Electronic and Computer Resources - Parallel Port Interfacing and Programming using Turbo C


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Interfacing with Coil

To interface a solenoid or coil to the PC, a buffer or current driver is needed because solenoid demands a considerable amount of current. The current driver can be a transistor, darlington, or an opto-coupler.

A free-wheeling diode must be connected in parallel with the coil or solenoid terminal to protect the transistor or current driver from back emf produced by the coil.

 Below is one of the interfacing circuits that can be design for a solenoid or coil.




Interfacing circuit diagram


 Resistor value depends on 

     1. the transistor dc current gain (B)

     2. resistance of the coil (Rc)

     3. supply voltage (Vcc)


 The following formula can be used to compute the resistor value


                     R = 5 / {[(Vcc / Rc) / B] * 4 } 


To be able to activate the solenoid, the program needs only to output a high bit to the output port pin that is connected to the base resistor of the interfaced circuit. 

Our examples next will be programs that will control a relay and a stepper motor.



Interfacing with Relay

A relay is basically composed of a solenoid and contacts. Most relays have two contacts, normally open (NO) and normally close (NC) contacts. Below is a schematic diagram of a relay.  


Lamp Control Program

Consider this problem:

A 12V relay, controlling a 12V lamp, is interfaced to D0 of the computer's parallel printer port. Three push button, Pb1 to Pb3, are also interfaced to S3 to S5. Write a program such that if Pb1 is pressed, the computer will ask for the number of seconds. After the user entered the time, the lamp will turn on for the specified time. Then, it will turn off.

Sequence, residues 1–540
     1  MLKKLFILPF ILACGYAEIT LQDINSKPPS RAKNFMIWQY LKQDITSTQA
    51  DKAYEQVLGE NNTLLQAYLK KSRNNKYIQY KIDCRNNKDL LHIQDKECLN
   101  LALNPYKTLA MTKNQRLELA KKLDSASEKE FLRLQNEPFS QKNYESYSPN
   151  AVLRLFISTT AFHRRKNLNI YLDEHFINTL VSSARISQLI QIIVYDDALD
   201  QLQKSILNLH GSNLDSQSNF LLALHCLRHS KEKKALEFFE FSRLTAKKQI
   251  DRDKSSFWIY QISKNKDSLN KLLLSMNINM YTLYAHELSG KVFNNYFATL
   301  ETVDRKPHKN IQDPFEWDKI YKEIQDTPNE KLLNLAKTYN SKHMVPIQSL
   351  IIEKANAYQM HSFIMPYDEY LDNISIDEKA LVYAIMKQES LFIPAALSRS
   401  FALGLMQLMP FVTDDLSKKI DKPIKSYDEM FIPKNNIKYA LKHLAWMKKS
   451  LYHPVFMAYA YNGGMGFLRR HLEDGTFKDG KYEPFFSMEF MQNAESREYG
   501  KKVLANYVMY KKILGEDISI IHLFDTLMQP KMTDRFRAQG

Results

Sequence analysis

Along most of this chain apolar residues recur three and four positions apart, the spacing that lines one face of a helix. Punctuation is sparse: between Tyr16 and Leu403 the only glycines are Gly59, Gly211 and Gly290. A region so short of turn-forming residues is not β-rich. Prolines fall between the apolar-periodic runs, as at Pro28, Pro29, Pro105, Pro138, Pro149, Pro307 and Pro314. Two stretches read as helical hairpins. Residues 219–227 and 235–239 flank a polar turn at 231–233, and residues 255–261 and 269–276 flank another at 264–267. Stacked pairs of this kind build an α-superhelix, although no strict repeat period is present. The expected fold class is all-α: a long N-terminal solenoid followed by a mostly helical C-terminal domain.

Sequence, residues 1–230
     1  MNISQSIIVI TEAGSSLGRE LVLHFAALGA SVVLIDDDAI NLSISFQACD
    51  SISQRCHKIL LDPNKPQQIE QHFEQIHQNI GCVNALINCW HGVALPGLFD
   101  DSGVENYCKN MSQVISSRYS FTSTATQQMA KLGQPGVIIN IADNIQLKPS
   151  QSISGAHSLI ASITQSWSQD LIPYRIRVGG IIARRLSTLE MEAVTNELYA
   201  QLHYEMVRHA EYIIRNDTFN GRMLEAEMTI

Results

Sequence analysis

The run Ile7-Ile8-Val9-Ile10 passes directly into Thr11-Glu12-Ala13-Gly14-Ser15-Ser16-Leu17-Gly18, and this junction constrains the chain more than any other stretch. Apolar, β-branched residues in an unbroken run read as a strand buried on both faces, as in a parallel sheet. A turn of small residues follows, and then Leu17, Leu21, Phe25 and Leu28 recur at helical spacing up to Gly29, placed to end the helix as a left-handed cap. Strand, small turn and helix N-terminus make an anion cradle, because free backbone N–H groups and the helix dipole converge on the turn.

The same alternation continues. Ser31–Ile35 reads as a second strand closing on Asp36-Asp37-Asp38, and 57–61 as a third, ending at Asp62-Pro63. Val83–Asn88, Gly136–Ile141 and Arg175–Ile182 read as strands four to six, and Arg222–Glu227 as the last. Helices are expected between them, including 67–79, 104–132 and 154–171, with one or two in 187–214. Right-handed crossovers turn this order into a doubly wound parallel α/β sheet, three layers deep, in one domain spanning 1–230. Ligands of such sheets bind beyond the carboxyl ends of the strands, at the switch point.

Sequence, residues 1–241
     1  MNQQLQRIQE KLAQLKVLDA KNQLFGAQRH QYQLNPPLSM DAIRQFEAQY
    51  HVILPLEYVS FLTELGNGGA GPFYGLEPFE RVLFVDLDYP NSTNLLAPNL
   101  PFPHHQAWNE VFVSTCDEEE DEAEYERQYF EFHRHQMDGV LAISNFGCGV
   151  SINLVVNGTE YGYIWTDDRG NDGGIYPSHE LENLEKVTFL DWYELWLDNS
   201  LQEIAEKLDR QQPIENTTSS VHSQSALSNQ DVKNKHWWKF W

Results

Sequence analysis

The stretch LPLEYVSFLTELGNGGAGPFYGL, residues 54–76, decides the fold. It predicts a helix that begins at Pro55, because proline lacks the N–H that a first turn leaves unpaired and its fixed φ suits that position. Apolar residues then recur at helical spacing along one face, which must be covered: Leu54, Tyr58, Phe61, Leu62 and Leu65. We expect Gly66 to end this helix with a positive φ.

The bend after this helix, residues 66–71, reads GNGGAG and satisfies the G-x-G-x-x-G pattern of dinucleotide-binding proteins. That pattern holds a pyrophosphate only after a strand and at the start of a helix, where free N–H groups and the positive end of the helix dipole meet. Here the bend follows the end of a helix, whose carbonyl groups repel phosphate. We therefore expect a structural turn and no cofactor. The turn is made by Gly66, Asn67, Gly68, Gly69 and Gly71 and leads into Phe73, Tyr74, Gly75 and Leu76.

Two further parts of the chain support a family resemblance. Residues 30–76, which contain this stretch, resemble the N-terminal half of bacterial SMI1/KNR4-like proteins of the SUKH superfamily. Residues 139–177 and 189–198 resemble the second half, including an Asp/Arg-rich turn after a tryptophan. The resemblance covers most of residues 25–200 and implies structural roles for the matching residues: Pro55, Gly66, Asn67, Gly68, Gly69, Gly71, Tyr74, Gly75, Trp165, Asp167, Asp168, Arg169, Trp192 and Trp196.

If Pb2 is pressed, the lamp should turn off no matter what is the status of the lamp. 

If Pb3 is pressed, the program should end no matter what is the status of the lamp.



R2-R3 = 10k

Interfacing Circuit Diagram


Here is the link of the source code of the program: Relay.CPP


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    Parallel Printer Port  

    Port Functions

    Sending a Byte

    Reading a Byte

    Interfacing LED

    Interfacing Push Button

    Interfacing 7-Segment

    Interfacing Coil

    Interfacing Relay

    Interfacing  S. Motor

    Interfacing AC Load

    Interfacing Sensor




Electronic and Computer Resources - Parallel Port Interfacing and Programming using Turbo C







1.  The Parallel Printer Port     2.  Port Functions in Turbo C    3.  Sending a Byte to the Port    4.  Reading a Byte     5.  Interfacing with LED

6.   Interfacing with Push Button     7.  Interfacing with 7-Segment    8.  Interfacing with Coil    9.  Interfacing with Relay    

10.  Interfacing with Stepper Motor    11.  Interfacing with AC Load    12.  Interfacing with Sensor

For questions, corrections and suggestions, 

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